Home.Work.

I can hear the homework cries already…

“NO, dad! That’s not how we learned it and I can’t do it that way or the teacher will mark it wrong.” As Sam’s dad tries to help his frustrated 4th grader convert a simple fraction to a decimal the only way he knows how – Sam grabs the worksheet, tears it to shreds and flings his math book off the table, across the room. “I hate this stupid homework. The teacher didn’t explain it and I don’t even care if I lose points. I’m not doing it.”

This scene and others just like it play out in thousands of homes every night across the country. Homework being tackled by tired kids. Too much or too little coaching by frazzled parents trying to do the best they can. And I know in my house, it’s often homework overload one night, not enough the next. Where is the balance? What’s the point?

Much has been written on homework by educators. Alfie Kohn has little use for it. The New York Times recently covered the subject citing research that showed the quality of homework is more important than anything else. After ten years of supervising my own kids’ homework, listening to teachers talk about why and how it matters in school council meetings, working with parents and perusing the research, I conclude the following:

There are three reasons why kids need homework, providing it’s the right kind of homework. 

First, it clues you the parent into exactly what your child is studying that week so you can reinforce the message. Studies show that the more connections children have to the material they are learning, the more likely they are to retain it. When my daughter, Olivia, was introduced to  fractions in third grade, her teacher brought in a cake. Some suspicious parents heard that and thought “Great, my kid is eating cake instead of doing math work.”  But cutting the cake again and again visually demonstrated how fractions work. I thought this was a great example of hands on learning. The fraction worksheets continued to come home that week, so one night,I ordered an uncut pizza and had Olivia tell me what the fractions were as I cut. To this day, she “gets” fractions. So, let them eat cake!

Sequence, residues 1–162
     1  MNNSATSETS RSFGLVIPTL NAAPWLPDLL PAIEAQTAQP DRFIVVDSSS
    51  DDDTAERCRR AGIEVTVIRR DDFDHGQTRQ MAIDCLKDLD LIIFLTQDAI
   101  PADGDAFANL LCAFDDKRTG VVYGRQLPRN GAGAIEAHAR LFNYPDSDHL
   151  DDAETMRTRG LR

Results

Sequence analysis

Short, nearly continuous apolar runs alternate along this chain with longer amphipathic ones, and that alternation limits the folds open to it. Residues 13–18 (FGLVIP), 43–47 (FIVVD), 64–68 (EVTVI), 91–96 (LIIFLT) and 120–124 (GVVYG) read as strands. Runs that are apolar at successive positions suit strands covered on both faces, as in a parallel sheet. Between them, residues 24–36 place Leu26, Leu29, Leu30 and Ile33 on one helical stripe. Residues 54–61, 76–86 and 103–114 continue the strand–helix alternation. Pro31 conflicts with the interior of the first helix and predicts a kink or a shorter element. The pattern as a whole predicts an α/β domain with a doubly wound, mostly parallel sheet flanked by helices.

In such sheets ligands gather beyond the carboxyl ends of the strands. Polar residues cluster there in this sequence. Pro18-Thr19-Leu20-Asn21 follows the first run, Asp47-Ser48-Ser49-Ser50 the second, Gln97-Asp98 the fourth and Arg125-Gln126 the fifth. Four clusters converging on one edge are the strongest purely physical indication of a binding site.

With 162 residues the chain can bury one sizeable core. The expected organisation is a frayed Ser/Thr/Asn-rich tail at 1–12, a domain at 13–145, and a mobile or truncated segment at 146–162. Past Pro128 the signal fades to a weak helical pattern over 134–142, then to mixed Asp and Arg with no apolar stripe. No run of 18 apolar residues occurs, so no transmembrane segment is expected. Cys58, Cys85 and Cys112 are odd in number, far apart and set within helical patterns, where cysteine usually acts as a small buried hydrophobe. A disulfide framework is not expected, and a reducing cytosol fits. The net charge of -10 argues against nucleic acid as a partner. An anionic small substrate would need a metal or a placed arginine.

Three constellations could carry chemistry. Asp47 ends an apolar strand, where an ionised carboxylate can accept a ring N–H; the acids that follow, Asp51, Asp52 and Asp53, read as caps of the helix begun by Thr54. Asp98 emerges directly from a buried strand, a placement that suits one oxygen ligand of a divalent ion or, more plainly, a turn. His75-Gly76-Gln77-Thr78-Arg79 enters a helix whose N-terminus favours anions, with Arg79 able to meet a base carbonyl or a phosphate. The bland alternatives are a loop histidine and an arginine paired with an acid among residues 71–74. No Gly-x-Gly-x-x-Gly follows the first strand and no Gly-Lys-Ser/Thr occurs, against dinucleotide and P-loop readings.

Second, homework gives the teacher a chance to see who is getting the lessons and who needs help. This is, by the way, the big reason why as a parent, we need to coach and guide, rather than do the work with or for our kids. I’ve been as guilty as the next parent  to help just to “get it done” and cross it off the list. If the teacher continually sees homework that’s 100% correct, they believe that the child understands the curriculum. But if the comprehension isn’t there, your child is missing out on a critical re-teach and review step. Without this, their progress will be hindered.

If your child is worried about getting their homework correct all the time vs. finishing it and learning something, that may be a sign that it’s just busy work being routinely assigned. Or there may be too much weight placed on homework versus using it as a check and balance. New research summarized by GreatSchools.org suggests that kids can learn more from making a mistake and revisiting the work. It makes sense.

The third reason why the right kind of homework is important is practice. Good old fashion, sit down and do it again hard work.  And again. This is especially true for math curriculum in grades 3-5 that builds…and writing. Many schools now have links with practice math problems available on teacher websites. The same for writing prompts. If not, you’ll find some in the Resource page above. As a point of reference, a best practice in elementary schools is this: ideal minutes of homework =  grade x 10. So your 2nd grader would ideally have no more than 20 minutes of homework per night, 4th grader 40 minutes, etc. A future homework post will explore what to do and say when your child has too much or the wrong kind of homework.

How’s the homework scene in your family?

Comments

  1. My children’s best teachers are usually the ones who encourage students to try show work for each problem, but to not “freak out” if they don’t get an answer that makes sense. If they can see the child’s effort and a question to ask in class to help solve the process, the child gets full credit and learns to interact and participate. My high school student has one teacher who assigns reading and lectures as homework, and they do Q&A as classwork, which prompts lots of in-class discussion while being a way for the teacher to see first-hand who understands and who needs a connection made along the way.

  2. Great idea to take what the child was being introduced to in class (for example,fractions) and show interest and support by cutting the pizza for dinner and reinforcing the math concept. Food for thought!!

  3. The grocery store is a great place to help your child with many parts of their math homework – Patience is the key here so you cannot go when you are in a hurry- start in produce and allow them to figure out the price of fruit by the weight of it. Kids love to go into the cereal aisle and they can figure out which cereal is cheaper based on ounces. another fun one for kids is the 3 for $5.00 cans or the 2 for $5.00 boxes – how much is each one?
    We believe if you keep it fun, they end up enjoying the learning process a whole lot more.

  4. My 10 yr old schooled me on #2 when, after refusing to let me check his homework…again… said “the teacher will check it so she knows what I can do or not do, Mom.” Definitely a crystal clear learning moment for me!

Speak Your Mind

*